Become an apprentice
Registered apprenticeship combines formal instruction with a paid, on-the-job learning program. You'll benefit by earning money while learning specialized skills that lead to a sustaining career. Employers may even subsidize some or all the cost of the outside training and education. Depending on their program and path, some apprentices will earn a degree and/or nationally recognized industry credential.
A Registered Apprenticeship Program is training model that combines paid on-the-job learning in conjunction with classroom instruction. Participants are given the opportunity to learn in an environment where they experience the real life application of skills taught in addition to earning wages for those skills gained.
One major misconception is that a Registered Apprenticeship Program is the same as an internship. Internships often times are unpaid, informal, and don’t necessarily lead to a career pathway. Registered Apprenticeship is full-time employment that includes on-the-job training and classroom instruction. The benefits of a Registered Apprenticeship also include pay increments based on skills progress and a nationally recognized credential at the conclusion of the program.
MYTH: Apprenticeships are for people who are not college bound.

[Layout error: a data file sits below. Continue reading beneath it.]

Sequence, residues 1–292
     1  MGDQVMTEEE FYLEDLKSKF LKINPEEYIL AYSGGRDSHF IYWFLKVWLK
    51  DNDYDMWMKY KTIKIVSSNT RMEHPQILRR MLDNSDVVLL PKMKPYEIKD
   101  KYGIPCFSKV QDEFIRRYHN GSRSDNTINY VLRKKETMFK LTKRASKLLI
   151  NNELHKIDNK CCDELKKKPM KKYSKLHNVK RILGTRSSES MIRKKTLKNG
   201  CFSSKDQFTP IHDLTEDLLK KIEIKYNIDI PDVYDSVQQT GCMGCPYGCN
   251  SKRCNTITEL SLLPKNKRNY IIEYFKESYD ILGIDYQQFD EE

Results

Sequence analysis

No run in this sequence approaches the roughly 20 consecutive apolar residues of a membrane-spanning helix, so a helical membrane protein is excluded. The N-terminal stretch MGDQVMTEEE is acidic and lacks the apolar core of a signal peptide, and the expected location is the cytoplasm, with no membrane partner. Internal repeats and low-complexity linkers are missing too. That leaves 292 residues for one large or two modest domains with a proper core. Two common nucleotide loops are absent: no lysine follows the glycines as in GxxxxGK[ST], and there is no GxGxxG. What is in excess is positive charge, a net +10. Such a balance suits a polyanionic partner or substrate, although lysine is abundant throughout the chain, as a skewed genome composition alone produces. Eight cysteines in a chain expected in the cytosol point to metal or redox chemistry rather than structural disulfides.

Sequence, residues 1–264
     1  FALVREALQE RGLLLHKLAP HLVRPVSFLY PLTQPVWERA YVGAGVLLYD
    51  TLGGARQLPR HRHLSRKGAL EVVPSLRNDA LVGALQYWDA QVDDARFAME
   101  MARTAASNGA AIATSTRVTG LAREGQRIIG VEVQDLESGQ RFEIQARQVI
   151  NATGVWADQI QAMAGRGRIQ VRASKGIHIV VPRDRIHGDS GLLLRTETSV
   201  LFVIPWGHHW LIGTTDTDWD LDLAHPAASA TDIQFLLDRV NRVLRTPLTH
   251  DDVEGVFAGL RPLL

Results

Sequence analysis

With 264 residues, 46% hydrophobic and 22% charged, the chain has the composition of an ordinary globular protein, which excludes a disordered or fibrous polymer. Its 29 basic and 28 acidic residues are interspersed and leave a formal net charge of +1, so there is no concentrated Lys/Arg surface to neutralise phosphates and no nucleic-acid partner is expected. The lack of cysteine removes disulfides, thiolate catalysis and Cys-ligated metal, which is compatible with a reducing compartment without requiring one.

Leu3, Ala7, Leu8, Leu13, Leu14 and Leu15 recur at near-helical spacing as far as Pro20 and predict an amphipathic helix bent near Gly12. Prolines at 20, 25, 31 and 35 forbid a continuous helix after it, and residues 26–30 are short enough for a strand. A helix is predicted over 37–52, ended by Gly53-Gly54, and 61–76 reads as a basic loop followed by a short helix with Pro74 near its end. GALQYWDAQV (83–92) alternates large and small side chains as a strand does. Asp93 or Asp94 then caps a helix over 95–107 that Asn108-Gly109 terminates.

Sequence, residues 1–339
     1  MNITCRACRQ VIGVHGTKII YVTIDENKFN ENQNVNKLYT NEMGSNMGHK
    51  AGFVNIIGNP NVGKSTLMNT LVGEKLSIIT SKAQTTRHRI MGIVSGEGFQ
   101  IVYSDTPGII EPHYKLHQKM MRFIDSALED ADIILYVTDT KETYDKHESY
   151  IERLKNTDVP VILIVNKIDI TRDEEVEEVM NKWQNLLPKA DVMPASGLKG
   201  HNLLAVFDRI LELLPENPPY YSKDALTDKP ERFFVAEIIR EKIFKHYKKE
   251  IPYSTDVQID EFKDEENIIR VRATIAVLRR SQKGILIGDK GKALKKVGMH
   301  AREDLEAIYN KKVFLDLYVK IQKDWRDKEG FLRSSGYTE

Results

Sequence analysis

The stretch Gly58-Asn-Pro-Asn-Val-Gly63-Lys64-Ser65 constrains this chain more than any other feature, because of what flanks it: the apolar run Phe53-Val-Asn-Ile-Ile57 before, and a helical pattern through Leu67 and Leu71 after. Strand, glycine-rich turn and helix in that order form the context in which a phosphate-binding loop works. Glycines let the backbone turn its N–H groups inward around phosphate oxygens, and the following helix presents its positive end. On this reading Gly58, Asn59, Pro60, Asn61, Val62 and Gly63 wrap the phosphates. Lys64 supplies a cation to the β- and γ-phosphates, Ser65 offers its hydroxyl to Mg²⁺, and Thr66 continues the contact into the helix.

FACT: Apprenticeships offer alternate paths to acquire job skills. Rather than traditional classroom training, apprenticeships also incorporate on-the-job learning, allowing participants to gain practical job experience. Registered apprenticeships programs also pay participants and reward them with wage increases as they gain further skills.
MYTH: Apprentices don't earn very much.
FACT: According to the USDOL, the average starting salary of a Registered Apprenticeship graduate is between $50,000- $60,000, which is very comparable to that of a college graduate. And don’t forget, a key component to a Registered Apprenticeship program is enabling apprentices to earn while they learn.
MYTH: Apprenticeships are for occupations such as the construction and building trades.
FACT: There are Registered Apprenticeship Programs for a variety of occupations, not just traditional trades. In fact, the NJ Governor’s Office has made it a key initiative to expand apprenticeship programs to non-traditional sectors, including those occupations related to science, technology, engineering, and mathematics.
MYTH: I can’t afford to participate in a Registered Apprenticeship Program.
FACT: Did we mention apprentices are paid while they are learning? This is a standard of a Registered Apprenticeship Program and should help to offset costs. Depending upon the program, the sponsor may also choose to cover training expenses, or provide reimbursement to apprentices for a portion of the cost.
To compete for jobs in today’s economy, workers need to have the right educational background in addition to practical job experience. Registered apprenticeship allows participants to do both, saving time and money.
Develop skills and competencies in line with industry demands.
Acquire a nationally recognized, portable credential.
Reduce potential student loan debt upon program completion.
Earn while you learn.
Apprenticeships are available in many industries, including:
- Construction trades
- Information technology
- Advanced manufacturing
- Finance and business
More industries continue to be added as we expand.